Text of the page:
This experience is so different from your and my experiences as borrowers. Not only would we not get more than the value of the car or house, but in the case of a depreciating asset, the cover would always comfortably exceed the due as on that date. Add to this, no one’s experience on a debt forgiveness of even a single rupee by a single month for our personal loans, and add to that the potent cocktail of justifiable outrage that it wasn’t bankers’ money that has been used to bail out such companies through haircuts. It was taxpayers’ money directly and depositors’ money indirectly, in terms of lower deposit rates on savings accounts. Contrary to what economists have convinced us, we live in a society rather than in an economy. And individual and societal outrage at this loss is both necessary and justified.
Yes, commentators have seen this from an economic lens and have argued against the introduction of a restriction on grounds of economic efficiency. Yes, the ordinance is a blunt tool. Yes, it will have the unintended effect of reduced salvage value. Yes, it will be challenged, like all laws which have a big financial impact. Yes, it will be unfair to some promoters who have failed, but want a second chance, while at the same time offering the most money to bankers and lenders. But seen from a moral or political lens, the ordinance makes a lot of sense. People’s sense of unfairness at fat cats buying houses abroad while their companies default in India needed to be resolved.
Similarly, going forward, the moral hazard of taxpayers paying the bills of failed or corrupt businessmen will reduce. And companies which needed to be laid to rest will finally be laid into the crematorium and the endless wait for the rust to vanish on its own, monsoon after monsoon, will also go away. Failing companies will be resolved within a year of the downslide, minimising the damage to lenders and equity shareholders alike. As a good entrepreneur would tell us, failing often is not the key to success, but failing small and early might be. The ordinance, by cutting the rot early, will allow early but small failures, while penalising promoters who wait too long either in the hope of being bailed out or based on unreal hope. India will see a new age of businesses from the ashes of the dead and this creative destruction will make India more competitive.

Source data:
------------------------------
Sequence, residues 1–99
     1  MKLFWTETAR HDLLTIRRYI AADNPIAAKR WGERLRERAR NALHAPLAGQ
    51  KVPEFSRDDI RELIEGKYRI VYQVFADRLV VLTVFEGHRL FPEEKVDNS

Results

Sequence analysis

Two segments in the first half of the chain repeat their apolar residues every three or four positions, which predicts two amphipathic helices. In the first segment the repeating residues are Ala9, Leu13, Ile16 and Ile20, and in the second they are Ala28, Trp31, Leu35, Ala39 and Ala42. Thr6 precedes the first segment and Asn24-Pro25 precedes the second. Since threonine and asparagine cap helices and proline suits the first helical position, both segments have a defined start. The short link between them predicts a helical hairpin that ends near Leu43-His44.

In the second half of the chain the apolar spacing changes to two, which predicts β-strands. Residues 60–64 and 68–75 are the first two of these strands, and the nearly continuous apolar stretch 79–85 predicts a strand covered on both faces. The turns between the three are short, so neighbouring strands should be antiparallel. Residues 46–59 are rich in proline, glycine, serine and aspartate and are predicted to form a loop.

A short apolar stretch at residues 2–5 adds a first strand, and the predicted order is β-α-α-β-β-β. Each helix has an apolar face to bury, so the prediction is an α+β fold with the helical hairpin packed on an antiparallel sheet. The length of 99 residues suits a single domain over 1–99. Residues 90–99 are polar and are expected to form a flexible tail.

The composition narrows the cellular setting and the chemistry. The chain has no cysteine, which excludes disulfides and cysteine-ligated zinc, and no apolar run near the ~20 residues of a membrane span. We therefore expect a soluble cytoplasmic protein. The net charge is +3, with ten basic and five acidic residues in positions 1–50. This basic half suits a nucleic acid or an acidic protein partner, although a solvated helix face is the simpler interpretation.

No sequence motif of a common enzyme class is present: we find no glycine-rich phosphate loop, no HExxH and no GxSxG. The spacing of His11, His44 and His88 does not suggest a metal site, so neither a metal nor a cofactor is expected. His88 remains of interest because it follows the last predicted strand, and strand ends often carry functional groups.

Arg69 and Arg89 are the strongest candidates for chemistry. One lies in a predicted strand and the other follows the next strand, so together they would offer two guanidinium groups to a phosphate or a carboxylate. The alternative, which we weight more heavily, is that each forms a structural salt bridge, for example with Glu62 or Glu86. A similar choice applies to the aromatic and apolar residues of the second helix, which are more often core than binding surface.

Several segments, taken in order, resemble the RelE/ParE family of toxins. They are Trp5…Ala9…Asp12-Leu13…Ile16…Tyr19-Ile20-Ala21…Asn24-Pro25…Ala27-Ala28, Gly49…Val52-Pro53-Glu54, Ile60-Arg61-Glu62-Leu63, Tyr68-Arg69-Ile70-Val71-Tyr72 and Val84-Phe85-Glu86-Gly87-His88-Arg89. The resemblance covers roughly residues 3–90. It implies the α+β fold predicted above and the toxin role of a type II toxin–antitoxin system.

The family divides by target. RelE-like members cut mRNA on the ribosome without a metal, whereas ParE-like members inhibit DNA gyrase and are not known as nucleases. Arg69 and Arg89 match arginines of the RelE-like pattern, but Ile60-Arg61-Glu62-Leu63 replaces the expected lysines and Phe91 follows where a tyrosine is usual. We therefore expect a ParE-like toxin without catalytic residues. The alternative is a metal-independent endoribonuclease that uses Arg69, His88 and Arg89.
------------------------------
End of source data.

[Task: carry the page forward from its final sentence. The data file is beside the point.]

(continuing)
Ultimately, we should not underestimate the power of creative destruction. As I read at a reserve forest which saw several forest fires each year, “the forces of creation are at least as powerful as those of destruction.” I am also hopeful that an unintended benefit of this whole process will be a wider-held shareholding taking root in India rather than the promoter-driven model. That can have significant upsides in terms of better and more professional governance of Indian companies which are larger and more competitive. Yes, your and my outrage has helped bring this ordinance and our continuing outrage should ensure that public loot and imprudent lending does not continue. At this stage, our moral thirst is more than our economic thirst. That is for the present. With the ordinance, expect behavioural changes so that both the moral and economic thirsts are quenched simultaneously in the future. What is good for a car loan should be good for industry loan as well.

23 November 2017

Finsec Law Advisor recognised as the highest ranked law fim in financial services regulatory practice

We are pleased to announce that our firm, Finsec Law Advisors, has been recognised as the highest ranked law firm in India for Financial Services Regulatory practice by Asialaw Profiles 2018*. We have also been recommended in the Investment Funds practice and several other areas, details of which can be accessed at Asialaw.com

Getting this recognition from a Euromoney publication in our 7th year of existence - ahead of peers many times our size, truly humbles us. We are grateful to all our clients and well-wishers for their kind support to a relatively young specialist firm.

We take this opportunity to thank everyone who was part of this journey.